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The lunch in the afternoon.

After the unveiling ceremonies were over the veterans and young infantrymen and cavalrymen fell into line and proceeded to the Exposition Grounds, where a splendid lunch had been prepared under the auspices of the Ladies' Auxiliary of Lee Camp. The spread was served in the main building, and the interior of this place presented a jolly scene indeed, when the marchers were safely esconced around the festive board. Arms had been staked in long lines, [388] and men in uniforms of all descriptions entered the great struggle to get to the tables.

The lunch was daintily served without form or ceremony, by a number of ladies, and it would but do them justice to say that the magnificent manner in which they managed the large concourse of hungry soldiers bespoke their proficiency as caterers.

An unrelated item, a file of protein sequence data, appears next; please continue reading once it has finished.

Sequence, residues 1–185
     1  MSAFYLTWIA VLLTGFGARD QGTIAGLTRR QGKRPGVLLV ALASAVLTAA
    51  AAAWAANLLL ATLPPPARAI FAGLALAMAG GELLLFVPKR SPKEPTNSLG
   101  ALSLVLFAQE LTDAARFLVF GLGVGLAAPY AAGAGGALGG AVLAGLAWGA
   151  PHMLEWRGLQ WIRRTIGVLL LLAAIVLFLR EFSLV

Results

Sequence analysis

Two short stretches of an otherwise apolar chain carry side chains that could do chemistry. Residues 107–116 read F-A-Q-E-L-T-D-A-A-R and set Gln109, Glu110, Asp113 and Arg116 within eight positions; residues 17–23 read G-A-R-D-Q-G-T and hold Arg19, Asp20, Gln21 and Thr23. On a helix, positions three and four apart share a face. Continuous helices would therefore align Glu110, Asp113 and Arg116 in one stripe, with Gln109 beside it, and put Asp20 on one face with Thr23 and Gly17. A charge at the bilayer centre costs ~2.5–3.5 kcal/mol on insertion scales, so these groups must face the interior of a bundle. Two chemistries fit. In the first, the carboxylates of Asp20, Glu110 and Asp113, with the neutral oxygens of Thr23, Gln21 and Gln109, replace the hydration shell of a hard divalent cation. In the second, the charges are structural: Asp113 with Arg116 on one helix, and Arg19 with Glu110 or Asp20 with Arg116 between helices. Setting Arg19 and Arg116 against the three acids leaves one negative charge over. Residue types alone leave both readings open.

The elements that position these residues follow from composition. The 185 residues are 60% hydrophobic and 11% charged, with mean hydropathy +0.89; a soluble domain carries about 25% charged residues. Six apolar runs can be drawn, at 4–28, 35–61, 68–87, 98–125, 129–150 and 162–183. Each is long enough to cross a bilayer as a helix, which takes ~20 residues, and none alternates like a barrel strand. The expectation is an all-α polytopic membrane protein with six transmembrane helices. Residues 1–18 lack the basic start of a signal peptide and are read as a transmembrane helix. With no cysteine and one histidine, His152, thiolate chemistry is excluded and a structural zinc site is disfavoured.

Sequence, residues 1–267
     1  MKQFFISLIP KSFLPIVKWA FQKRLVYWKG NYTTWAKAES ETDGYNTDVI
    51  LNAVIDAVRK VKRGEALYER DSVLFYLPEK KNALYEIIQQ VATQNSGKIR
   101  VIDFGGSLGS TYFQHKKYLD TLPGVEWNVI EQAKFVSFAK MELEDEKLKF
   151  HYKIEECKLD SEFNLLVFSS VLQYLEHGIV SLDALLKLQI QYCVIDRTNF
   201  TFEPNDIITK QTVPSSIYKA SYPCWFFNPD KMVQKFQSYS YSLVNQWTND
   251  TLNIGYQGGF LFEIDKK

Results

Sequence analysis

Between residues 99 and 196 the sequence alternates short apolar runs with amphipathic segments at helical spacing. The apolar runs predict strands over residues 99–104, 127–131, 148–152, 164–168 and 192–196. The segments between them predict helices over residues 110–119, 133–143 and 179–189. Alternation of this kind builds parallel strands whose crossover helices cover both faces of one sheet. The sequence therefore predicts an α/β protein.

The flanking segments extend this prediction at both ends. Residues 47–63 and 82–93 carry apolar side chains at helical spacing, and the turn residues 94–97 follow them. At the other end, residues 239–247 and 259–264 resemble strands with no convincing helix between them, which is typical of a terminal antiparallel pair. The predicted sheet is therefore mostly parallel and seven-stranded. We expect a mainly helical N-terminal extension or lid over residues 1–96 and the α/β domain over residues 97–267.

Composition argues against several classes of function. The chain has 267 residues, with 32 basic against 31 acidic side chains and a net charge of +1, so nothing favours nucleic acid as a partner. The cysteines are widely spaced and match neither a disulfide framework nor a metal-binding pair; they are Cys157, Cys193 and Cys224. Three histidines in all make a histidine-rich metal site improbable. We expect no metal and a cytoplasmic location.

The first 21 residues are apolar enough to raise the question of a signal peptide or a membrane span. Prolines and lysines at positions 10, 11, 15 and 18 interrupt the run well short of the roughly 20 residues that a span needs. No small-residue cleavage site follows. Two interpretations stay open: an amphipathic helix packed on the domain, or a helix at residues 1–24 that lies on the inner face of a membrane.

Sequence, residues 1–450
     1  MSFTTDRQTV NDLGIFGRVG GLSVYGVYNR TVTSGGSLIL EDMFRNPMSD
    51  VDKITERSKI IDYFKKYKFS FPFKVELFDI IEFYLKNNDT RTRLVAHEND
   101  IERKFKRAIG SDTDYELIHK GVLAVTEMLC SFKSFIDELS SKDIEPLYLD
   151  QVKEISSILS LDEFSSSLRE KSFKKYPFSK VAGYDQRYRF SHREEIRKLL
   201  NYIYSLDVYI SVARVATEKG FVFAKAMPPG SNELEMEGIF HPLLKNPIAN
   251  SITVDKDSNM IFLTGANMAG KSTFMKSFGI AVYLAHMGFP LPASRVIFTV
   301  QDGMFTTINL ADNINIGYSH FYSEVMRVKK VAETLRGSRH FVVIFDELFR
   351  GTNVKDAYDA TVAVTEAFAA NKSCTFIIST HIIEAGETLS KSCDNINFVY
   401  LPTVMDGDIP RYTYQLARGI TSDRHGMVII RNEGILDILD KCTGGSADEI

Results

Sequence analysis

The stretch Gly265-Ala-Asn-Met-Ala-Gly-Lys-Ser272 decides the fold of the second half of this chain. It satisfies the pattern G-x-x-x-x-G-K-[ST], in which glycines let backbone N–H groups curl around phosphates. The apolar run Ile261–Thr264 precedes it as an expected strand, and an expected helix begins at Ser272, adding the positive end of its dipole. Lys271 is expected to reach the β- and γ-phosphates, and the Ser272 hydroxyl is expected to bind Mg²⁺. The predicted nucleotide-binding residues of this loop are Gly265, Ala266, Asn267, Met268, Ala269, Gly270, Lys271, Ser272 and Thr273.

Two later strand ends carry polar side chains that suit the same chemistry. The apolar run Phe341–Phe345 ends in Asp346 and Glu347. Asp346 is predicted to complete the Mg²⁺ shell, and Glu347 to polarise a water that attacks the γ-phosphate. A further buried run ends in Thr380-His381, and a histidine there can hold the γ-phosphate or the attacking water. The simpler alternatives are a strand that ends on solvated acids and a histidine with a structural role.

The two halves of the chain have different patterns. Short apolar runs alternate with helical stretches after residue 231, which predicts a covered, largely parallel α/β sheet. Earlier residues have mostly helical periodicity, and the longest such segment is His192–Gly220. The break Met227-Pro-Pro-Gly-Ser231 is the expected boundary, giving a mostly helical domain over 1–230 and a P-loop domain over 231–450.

Immediately upon entering the hall the large letters ‘Richmond Beer’ struck the eye of every one, and it was here that the weary, thirsty pedestrian satisfied both these feelings with a few glasses of that well-known beverage, which is made right at home. Not far distant from this place was the lemonade and ice-water stand, which was also a spot of great solace and comfort to the more temperate soldiers.

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